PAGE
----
Step by Step, Brick by Brick

Living on an island off the coast of Georgia, we closely watch The Weather Channel during hurricane season. As storms develop, we become keenly aware of our vulnerability. In recent years, Hurricane Matthew in 2016 and Irma in 2017 forced mandatory evacuations of our county. Before we evacuated, we prepared our homes the best we could, gathered what we needed, loaded our frightened dog, then joined the long line of cars carrying people West and North. Days later, thrilled to received permission to return home, we joined the long line of cars travelling East and South. As we drove home, the girls and I chattered about getting back to our lives, naming all we missed and who we wanted to see. But as we got closer, anxious anticipation silenced us.

How much was destroyed? What would be left?

Nearing our home, we began to see the effects off the storm. Many of our ancient oaks and pines toppled, smashing roofs, blocking roads and crushing cars. These cherished giants lay dying with their roots exposed. Strange debris littered streets and yards. Someone’s back deck had landed in our neighbor’s yard. Bricks from the ocean walkway washed away, landing on a road in the village.

A feeling of chaos and confusion enveloped us…

Holding our breath, we pulled into our driveway, looking at days and weeks of clean-up, and months of rebuilding. Later, we strolled our beloved beaches. Sand dunes, built-up over decades had flooded into the sea. Wide beaches had narrowed, and narrow beaches widened.

When disaster, destruction, deception, or death hit like a hurricane…

… we stand staring, trying to make sense of the world around us. Our points of reference disappear. We try to do life like we used to but can’t. A tree lies across the road home. A wave crashes on our walking path. Mud and rot destroy our treasures and fill our nostrils. We begin picking through the rubble, assessing the damage and searching for remnants of our old life. Then, we must “dress the bricks,” a slow, tedious task of cleaning fragments of mortar off old bricks. We can no longer look to our former ways of holding our self together. We need fresh mortar to rise and live again.Perhaps, like me, in the loss of my sweet Garrett, the first brick you will pick-up is the fact that your children still need you. You start to get out of bed long enough to feed them breakfast and send them off to school. It is a step.Or maybe you hold onto an old hobby like a dear friend of mine. She lived through the year long process of husband, the father of her then 2 and 4-year-olds, die of colon cancer. Her first step forward was a simple gardening project. The pleasure she had always received from this hobby was something she clung to while the storm raged around her.These small steps don’t seem like much, but they are EVERTHING. Your choices at this point determine who you become. Do you choose to sit in the chaos, embracing anger and despair or to cling to the pieces of life you have left, reclaiming peace and hope? What will be your new normal? What steps forward will you take? What bricks will you salvage?When King David’s son was dying, he fasted, wept, and prayed for seven days. He agonized over the impending death of this treasured child. He felt every bit of the bitterness and despair that comes with the loss of a child, but when his son died, he got up, washed his face, dressed, ate and stepped back on the throne.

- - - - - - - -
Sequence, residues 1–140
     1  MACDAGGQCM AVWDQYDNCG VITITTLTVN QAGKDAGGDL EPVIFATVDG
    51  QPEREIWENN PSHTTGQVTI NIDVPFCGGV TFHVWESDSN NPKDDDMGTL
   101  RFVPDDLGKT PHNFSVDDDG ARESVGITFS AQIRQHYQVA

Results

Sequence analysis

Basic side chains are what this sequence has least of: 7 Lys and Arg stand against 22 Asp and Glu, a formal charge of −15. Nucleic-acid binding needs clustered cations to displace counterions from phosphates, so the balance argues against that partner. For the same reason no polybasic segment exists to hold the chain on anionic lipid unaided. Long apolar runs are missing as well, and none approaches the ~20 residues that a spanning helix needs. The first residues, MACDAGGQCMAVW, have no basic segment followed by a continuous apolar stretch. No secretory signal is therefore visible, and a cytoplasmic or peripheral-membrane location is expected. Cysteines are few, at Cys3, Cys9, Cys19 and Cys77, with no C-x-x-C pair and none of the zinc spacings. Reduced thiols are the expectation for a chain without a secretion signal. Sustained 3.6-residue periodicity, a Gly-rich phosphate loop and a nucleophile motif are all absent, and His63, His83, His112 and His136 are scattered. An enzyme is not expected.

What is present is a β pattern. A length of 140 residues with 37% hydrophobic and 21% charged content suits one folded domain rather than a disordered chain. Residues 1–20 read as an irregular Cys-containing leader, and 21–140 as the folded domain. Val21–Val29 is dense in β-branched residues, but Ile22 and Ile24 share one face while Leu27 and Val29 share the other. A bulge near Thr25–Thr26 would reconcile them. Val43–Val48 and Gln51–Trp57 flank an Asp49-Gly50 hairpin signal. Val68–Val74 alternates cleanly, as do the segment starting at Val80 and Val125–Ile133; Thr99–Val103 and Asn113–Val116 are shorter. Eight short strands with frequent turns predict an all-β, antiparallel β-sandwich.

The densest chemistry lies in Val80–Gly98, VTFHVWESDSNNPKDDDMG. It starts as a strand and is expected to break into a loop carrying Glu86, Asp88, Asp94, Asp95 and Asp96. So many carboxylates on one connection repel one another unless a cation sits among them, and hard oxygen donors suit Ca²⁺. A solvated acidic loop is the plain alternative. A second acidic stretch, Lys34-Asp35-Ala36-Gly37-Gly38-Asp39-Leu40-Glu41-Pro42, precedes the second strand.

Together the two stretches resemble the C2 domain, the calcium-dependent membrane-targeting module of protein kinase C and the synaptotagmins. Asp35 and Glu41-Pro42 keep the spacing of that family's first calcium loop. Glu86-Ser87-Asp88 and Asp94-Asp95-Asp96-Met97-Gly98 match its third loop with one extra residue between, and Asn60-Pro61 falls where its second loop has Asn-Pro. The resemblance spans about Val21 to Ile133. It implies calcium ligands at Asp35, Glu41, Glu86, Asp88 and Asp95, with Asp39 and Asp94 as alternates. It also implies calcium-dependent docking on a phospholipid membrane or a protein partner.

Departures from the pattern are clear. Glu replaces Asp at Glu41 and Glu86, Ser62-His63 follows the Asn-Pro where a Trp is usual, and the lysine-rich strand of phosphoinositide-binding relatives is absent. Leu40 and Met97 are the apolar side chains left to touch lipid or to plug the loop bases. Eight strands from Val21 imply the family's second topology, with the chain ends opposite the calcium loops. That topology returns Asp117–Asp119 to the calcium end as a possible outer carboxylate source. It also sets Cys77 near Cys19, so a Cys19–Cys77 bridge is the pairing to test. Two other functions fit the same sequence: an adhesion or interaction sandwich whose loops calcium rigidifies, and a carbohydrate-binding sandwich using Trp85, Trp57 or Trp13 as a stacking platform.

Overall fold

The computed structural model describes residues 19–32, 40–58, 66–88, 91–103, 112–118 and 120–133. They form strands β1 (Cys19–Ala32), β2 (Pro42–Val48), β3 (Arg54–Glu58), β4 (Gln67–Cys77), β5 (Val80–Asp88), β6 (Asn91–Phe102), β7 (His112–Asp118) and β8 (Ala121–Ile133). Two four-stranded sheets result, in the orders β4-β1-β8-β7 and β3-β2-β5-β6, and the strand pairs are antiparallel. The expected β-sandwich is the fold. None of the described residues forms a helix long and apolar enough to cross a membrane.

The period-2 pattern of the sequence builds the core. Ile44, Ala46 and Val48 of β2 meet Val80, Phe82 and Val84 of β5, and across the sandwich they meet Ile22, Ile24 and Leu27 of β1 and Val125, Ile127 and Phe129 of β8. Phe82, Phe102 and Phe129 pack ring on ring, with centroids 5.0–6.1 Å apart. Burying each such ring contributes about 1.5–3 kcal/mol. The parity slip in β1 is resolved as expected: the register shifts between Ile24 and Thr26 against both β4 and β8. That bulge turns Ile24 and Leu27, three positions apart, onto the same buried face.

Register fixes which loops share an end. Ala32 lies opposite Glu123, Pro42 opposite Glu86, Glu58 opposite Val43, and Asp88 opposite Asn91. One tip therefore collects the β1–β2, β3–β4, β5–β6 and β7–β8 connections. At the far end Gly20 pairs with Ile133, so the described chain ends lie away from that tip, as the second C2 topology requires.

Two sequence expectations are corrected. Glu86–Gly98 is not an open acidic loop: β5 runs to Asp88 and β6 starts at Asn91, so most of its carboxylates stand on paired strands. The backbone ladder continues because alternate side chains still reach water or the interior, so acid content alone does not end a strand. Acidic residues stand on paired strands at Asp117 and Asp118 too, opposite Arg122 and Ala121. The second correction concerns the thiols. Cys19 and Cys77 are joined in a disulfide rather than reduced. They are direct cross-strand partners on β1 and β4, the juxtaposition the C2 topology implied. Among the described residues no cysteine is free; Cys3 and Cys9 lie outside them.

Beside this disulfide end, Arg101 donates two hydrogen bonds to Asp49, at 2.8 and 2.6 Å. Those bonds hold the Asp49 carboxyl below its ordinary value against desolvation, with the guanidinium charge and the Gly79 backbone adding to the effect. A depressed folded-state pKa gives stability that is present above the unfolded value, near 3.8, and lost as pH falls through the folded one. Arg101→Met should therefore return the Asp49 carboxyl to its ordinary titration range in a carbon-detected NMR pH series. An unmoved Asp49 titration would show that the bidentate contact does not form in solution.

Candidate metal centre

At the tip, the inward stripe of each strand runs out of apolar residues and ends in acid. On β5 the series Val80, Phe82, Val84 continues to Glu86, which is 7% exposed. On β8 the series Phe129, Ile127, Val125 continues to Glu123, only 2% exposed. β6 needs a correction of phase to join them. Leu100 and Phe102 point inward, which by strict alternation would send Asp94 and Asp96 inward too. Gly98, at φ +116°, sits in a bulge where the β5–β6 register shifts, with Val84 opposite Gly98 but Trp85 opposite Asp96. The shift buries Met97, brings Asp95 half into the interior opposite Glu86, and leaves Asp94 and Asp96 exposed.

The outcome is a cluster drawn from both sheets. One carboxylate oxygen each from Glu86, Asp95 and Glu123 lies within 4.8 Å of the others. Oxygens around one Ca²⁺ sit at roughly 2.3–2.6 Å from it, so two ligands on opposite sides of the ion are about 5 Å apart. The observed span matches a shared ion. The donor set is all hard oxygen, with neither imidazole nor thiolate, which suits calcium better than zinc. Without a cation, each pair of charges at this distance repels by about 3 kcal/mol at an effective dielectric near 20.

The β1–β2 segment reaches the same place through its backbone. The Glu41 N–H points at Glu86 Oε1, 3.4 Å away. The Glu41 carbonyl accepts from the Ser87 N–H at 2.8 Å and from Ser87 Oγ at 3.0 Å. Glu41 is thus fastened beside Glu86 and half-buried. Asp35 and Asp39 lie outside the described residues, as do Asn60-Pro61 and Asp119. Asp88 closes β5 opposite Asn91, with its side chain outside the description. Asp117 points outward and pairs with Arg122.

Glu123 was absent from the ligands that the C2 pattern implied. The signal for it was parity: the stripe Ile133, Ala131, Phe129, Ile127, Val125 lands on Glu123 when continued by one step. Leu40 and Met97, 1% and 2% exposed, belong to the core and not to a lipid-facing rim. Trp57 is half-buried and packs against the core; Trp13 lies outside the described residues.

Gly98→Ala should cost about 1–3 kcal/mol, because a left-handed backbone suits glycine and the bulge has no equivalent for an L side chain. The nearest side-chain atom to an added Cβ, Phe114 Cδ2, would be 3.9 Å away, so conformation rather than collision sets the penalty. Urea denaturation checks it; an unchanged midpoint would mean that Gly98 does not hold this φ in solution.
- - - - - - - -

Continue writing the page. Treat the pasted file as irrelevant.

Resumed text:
He believed in a power of life that surpassed the power of death…

… and lived according to that belief. (2 Samuel 12:16-23)The scriptures do not tell us how he felt going forward, how many nights he lied awake in sorrow, how many days he could barely think straight, overwrought with grief. They simply tell us what he did. He acted in hope. He picked up the parts of himself which remained, his duty as king, and stepped forward. Moving from victim to victor is a long, hard process. Gathering the bits and pieces of ourselves which remain is the first step. Taking these pieces and beginning to build something new is the next. The process takes years, a life time. We were going in one direction, and now we must go another. We had built a beautiful home, and from its rubble we must build again. Some questions I try to reflect on each night:1.Where did I glimpse God or Love today?2.How did I love today?3.When did I laugh at myself?

Reflections like these help us focus on the bigger picture of life, preparing us for and seeing us through the storms. For some, life is a storm. I started the GVB Foundation for these people, those whose life feels like a constant hurricane. We currently partner with House of Hope, a local shelter for women rescued from sex trafficking and La Fruta de la Vid Christiana, a school in Puerto Rico severely damaged by Hurricane Maria. Please read more about our partners and join us in helping others step on the path from victim to victor! Peace be with you,

 Dr. Anna Cabeca